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Computational and Experimental Modelling of Mooring Lines Dynamics for Offshore Floating Wind Turbines


José Azcona Armendáriz


Leo González Gutiérrez, Xabier Miguel Munduate Echarri

Research area

Numerical Simulation

Affiliated Research Center

Universidad Politécnica de Madrid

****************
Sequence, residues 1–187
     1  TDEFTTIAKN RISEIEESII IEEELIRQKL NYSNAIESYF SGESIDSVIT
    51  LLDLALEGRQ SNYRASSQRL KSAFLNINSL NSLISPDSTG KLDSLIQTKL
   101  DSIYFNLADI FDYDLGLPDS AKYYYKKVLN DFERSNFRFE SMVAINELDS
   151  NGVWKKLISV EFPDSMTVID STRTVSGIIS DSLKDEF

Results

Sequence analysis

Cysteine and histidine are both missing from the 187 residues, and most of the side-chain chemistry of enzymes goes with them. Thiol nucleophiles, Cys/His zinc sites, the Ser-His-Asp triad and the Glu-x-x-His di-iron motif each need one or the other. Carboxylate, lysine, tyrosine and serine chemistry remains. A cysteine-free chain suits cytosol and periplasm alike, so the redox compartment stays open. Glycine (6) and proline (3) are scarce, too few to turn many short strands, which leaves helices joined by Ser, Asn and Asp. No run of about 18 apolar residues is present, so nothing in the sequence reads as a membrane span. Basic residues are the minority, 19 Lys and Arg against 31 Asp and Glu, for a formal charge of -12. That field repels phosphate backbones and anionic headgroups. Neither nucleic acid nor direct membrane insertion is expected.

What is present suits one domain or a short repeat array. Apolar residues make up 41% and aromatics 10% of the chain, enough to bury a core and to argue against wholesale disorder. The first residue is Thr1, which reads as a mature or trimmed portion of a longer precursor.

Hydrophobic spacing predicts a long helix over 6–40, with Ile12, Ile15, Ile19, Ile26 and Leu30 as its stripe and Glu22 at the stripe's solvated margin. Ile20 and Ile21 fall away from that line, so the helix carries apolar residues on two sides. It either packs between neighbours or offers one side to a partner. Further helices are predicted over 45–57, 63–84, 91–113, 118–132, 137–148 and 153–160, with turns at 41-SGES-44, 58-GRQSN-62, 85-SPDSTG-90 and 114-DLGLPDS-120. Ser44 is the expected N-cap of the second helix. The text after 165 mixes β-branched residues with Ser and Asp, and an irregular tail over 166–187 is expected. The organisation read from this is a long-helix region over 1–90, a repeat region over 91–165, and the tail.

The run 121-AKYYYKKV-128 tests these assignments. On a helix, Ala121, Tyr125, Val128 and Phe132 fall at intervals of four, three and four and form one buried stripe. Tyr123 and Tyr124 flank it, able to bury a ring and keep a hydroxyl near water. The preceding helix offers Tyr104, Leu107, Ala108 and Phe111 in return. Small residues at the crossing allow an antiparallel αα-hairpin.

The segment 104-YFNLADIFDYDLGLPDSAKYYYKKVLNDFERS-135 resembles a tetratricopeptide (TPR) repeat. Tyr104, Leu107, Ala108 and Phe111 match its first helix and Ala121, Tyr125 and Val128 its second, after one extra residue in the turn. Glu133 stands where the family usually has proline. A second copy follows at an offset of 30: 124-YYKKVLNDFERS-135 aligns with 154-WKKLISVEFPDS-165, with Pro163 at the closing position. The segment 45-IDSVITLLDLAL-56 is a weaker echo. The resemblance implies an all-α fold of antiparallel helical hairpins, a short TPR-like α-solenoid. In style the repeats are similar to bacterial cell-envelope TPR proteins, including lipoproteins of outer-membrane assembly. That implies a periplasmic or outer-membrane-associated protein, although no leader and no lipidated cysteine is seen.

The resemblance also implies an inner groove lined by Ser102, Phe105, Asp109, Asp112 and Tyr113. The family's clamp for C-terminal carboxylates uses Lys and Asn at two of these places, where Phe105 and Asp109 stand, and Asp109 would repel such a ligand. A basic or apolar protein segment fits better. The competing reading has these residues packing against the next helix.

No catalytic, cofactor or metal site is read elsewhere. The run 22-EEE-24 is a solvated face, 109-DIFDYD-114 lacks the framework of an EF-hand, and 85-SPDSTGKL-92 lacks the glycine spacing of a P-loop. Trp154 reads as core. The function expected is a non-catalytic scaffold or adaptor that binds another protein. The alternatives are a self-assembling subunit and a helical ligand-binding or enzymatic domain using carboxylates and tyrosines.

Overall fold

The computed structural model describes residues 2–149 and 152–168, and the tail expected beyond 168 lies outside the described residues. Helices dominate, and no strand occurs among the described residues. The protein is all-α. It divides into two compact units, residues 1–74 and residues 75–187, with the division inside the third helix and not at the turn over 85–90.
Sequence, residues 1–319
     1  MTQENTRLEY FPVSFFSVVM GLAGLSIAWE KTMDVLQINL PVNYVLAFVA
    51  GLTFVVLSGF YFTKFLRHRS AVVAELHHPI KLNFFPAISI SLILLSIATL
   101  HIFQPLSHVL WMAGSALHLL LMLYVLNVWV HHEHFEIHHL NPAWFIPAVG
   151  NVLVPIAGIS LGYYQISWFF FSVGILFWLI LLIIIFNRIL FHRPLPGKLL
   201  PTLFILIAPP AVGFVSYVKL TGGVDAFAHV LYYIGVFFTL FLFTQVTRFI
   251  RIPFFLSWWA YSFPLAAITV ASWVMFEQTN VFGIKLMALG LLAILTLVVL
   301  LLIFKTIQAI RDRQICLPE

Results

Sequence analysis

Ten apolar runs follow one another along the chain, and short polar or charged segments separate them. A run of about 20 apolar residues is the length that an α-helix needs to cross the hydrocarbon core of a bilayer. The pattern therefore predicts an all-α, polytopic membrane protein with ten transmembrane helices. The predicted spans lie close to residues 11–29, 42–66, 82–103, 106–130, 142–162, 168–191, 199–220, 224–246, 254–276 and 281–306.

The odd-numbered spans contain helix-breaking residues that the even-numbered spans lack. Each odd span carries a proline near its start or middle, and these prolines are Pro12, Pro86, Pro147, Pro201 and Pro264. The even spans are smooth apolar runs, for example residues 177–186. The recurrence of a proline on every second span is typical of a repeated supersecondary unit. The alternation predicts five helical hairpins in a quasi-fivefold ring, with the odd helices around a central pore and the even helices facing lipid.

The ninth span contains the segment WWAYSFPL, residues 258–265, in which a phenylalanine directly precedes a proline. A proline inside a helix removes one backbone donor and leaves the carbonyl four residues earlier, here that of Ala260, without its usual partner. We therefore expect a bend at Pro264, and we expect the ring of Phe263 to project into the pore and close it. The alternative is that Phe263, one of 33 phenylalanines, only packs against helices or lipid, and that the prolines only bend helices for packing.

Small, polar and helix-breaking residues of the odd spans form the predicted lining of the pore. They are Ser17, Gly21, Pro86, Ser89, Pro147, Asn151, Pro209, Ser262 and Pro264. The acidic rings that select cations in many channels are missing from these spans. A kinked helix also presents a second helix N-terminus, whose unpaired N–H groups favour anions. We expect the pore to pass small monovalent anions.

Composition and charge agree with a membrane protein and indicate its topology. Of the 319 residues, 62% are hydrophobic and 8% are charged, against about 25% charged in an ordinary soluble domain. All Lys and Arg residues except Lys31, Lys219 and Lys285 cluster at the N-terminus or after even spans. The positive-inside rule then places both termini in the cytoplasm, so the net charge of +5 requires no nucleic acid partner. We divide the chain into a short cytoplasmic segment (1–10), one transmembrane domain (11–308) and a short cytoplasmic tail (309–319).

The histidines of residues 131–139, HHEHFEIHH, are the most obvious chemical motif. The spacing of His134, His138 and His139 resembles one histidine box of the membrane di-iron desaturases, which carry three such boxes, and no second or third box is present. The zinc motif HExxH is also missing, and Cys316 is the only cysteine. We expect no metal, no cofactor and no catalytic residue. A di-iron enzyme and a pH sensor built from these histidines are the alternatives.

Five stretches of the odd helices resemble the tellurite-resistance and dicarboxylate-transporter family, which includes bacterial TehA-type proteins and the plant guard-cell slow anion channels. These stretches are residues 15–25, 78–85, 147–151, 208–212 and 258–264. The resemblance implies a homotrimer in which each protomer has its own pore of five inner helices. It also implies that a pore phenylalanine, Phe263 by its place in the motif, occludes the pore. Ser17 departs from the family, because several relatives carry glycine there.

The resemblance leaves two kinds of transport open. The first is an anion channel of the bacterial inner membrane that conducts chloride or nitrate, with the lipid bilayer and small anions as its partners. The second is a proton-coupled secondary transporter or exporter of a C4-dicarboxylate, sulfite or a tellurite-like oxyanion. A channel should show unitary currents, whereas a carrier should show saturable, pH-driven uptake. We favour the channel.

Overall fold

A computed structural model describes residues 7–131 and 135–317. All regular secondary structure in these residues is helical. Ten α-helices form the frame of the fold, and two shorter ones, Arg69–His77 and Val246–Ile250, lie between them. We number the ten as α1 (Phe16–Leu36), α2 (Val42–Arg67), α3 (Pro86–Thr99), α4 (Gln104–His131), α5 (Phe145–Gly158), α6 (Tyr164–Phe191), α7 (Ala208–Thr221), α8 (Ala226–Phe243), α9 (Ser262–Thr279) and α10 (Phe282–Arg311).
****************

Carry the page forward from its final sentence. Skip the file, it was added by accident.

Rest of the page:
The load calculation of floating offshore wind turbine requires time-domain simulation tools taking into account all the phenomena that affect the system such as aerodynamics, structural dynamics, hydrodynamics, control actions and the mooring lines dynamics. These effects present couplings and are mutually influenced. The results provided by integrated simulation tools are used to compute the fatigue and ultimate loads needed for the structural design of the different components of the wind turbine. For this reason, their accuracy has an important influence on the optimization of the components and the final cost of the floating wind turbine. In particular, the mooring system greatly affects the global dynamics of the floater. Many integrated codes for the simulation of floating wind turbines use simplified approaches that do not consider the mooring line dynamics. An accurate simulation of the mooring system within the integrated codes can be fundamental to obtain reliable results of the system dynamics and the loads. The impact of taking into account the mooring line dynamics in the integrated simulation still has not been thoroughly quantified. The main objective of this research consists on the development of an accurate dynamic model for the simulation of mooring lines, validate it against wave tank tests and then integrate it in a simulation code for floating wind turbines. This experimentally validated tool is finally used to quantify the impact that dynamic mooring models have on the computation of fatigue and ultimate loads of floating wind turbines in comparison with quasi-static tools. This information will be very useful for future designers to decide which mooring model is adequate depending on the platform type and the expected results. The dynamic mooring lines code developed in this research is based in the Finite Element Method and is oriented to the achievement of a computationally efficient code, selecting a Lumped Mass approach. The experimental tests performed for the validation of the code were carried out at the `Ecole Centrale de Nantes (ECN) wave tank in France, consisting of a chain submerged into a water basin, anchored at the bottom of the basin, where the suspension point of the chain was excited with harmonic motions of different periods. The code showed its ability to predict the tension and the motions at several positions along the length of the line with high accuracy. The results demonstrated the importance of capturing the evolution of the mooring dynamics for the prediction of the line tension, especially for the high frequency motions. Finally, the code was used for an extensive assessment of the effect of mooring dynamics on the computation of fatigue and ultimate loads for different floating wind turbines. The loads were computed for three platforms topologies (semisubmersible, spar-buoy and tension leg platform) and compared with the loads provided using a quasi-static mooring model. More than 20,000 load cases were launched and postprocessed following the IEC 61400-3 guideline and fulfilling the conditions that a certification entity would require to an offshore wind turbine designer. The results showed that the impact of mooring dynamics in both fatigue and ultimate loads increases as elements located closer to the platform are evaluated; the blade and the shaft loads are only slightly modified by the mooring dynamics in all the platform designs, the tower base loads can be significantly affected depending on the platform concept and the mooring lines tension strongly depends on the lines dynamics both in fatigue and extreme loads in all the platform concepts evaluated.